Age Requirements for Disability Benefits
SSDI and age
Social Security Disability Insurance (SSDI) has both medical and nonmedical requirements. To qualify for SSDI claimants must have worked and earned work credits to be insured, their condition must last for 12 continuous months, it must be severe, and they must not be able to perform substantial gainful activity.START YOUR FREE CASE EVALUATION
So is there an age requirement? Not specifically, but claimants who are too young will not qualify because they will lack sufficient work credits to be insured. So it is less about how old you are and more about whether or not you have sufficient work credits to receive SSDI when you become disabled.
For example, if you are 24 years old and you are severely and permanently injured in a car accident, you could receive SSDI if you have earned six work credits in the three year period ending when your disability started. How do you earn work credits? In 2013, you must earn $1,160 in covered earnings to get one credit and $4,640 in covered earnings to get the maximum four credits for the year.
SSI and Age
Supplemental Security Income is wage assistance for the aged (65 years or older), the blind or the disabled of any age who are unable to work. Claimants must have limited income and resources to qualify for SSI benefits.
Because SSI does not require claimants to work or earn work credits it is available to disabled claimants of all ages whose condition is expected to last for 12 continuous months. Children of all ages receive SSI benefits for a variety of health conditions including total deafness, low birth weight, and cerebral palsy.
How does age affect the disability decision?
It is more difficult for young workers to win disability benefits. Although the disability determination process is the same for both SSI and SSDI, claimants must be able to prove they cannot perform work. If a claimant has a condition listed on the SSA listing of impairments, which is a list of conditions and symptoms the SSA assumes are disabling, age will not be a factor.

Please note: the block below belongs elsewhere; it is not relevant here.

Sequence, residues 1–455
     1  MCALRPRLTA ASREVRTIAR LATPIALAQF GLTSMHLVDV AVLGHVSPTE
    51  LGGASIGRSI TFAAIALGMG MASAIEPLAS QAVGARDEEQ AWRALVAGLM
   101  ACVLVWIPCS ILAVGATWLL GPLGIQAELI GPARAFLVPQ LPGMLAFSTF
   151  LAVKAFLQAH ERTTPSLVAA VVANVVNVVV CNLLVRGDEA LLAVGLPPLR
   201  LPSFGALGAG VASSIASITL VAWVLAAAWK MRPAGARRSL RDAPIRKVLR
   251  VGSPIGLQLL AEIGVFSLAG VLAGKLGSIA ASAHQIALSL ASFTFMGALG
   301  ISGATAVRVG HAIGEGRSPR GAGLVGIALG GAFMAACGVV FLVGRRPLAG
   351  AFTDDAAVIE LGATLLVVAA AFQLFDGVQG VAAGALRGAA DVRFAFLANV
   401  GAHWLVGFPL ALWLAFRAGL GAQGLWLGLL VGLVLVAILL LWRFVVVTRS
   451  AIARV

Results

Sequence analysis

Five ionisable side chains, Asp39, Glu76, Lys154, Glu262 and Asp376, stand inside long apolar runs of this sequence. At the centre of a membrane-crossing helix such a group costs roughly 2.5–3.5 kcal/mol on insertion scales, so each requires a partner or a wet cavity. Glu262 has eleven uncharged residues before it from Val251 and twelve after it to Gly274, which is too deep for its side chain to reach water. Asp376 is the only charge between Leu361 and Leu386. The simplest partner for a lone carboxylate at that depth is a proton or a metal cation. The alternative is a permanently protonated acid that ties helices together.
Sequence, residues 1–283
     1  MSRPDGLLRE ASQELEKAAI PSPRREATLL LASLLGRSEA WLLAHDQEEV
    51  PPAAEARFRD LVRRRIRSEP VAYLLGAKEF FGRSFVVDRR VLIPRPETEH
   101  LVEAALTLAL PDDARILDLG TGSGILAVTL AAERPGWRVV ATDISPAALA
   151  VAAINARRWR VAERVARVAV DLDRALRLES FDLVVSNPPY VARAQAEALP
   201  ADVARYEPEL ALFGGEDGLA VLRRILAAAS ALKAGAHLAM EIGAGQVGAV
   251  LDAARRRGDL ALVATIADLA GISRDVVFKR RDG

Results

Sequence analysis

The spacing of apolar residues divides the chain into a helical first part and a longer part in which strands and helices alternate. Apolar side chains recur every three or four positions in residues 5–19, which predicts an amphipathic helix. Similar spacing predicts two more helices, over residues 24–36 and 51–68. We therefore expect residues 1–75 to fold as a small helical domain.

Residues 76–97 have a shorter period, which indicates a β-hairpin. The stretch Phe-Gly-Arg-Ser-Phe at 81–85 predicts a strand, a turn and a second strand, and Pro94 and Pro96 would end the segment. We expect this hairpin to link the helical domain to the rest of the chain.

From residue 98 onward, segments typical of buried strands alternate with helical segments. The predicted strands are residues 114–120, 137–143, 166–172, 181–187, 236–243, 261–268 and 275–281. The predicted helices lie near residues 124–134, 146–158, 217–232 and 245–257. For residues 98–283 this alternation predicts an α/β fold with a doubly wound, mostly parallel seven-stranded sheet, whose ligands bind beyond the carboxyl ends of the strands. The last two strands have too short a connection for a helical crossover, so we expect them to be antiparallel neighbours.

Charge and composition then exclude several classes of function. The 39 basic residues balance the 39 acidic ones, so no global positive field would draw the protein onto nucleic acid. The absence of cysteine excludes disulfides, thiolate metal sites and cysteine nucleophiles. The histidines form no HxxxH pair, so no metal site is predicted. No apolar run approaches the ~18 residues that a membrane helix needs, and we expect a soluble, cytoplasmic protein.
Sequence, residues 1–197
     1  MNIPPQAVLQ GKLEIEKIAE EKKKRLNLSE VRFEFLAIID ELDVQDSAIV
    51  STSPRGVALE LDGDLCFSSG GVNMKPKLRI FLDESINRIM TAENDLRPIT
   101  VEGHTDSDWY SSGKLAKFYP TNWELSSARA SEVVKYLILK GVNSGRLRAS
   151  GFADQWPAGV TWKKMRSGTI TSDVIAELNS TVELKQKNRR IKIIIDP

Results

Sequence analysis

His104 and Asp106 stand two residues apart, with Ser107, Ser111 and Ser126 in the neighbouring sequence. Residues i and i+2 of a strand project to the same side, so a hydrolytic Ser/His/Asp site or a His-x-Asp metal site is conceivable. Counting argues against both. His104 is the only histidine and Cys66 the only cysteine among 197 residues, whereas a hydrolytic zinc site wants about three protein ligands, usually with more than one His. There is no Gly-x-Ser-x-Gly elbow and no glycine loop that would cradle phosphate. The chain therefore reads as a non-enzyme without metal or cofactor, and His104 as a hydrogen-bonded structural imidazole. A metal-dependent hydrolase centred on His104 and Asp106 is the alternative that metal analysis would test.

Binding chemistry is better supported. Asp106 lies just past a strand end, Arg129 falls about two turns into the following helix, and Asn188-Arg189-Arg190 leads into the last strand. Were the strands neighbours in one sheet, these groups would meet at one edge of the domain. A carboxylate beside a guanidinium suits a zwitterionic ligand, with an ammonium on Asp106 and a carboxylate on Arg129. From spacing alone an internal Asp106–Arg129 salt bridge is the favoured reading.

If the claimant's condition is not on the list, the SSA will review the claimant's residual ability to work. The SSA assumes a younger worker, especially if they are educated, has a better chance of retraining for new work than an older worker.
For example, if you are a 25 year old truck driver and you have a college education, if you are no longer able to drive trucks due to your condition, the SSA will review your ability to retrain for sedentary work. It will be much more difficult for you to prove you cannot retrain for some type of job than a 60 year old worker who has driven trucks for 24 years and can no longer perform their job.
Can I be too old for disability benefits?
We've discussed young claimants and the barriers they might face to get SSDI and SSI benefits, but what about an older claimant? If you are less than your full retirement age, but older than 55 years of age, your chances of receiving benefits is greater than a younger worker.
But can you be too old? Yes, if you have reached your full retirement age you cannot qualify for SSDI benefits; you will simply get your SSA retirement. For SSI, however, there is no age limitation.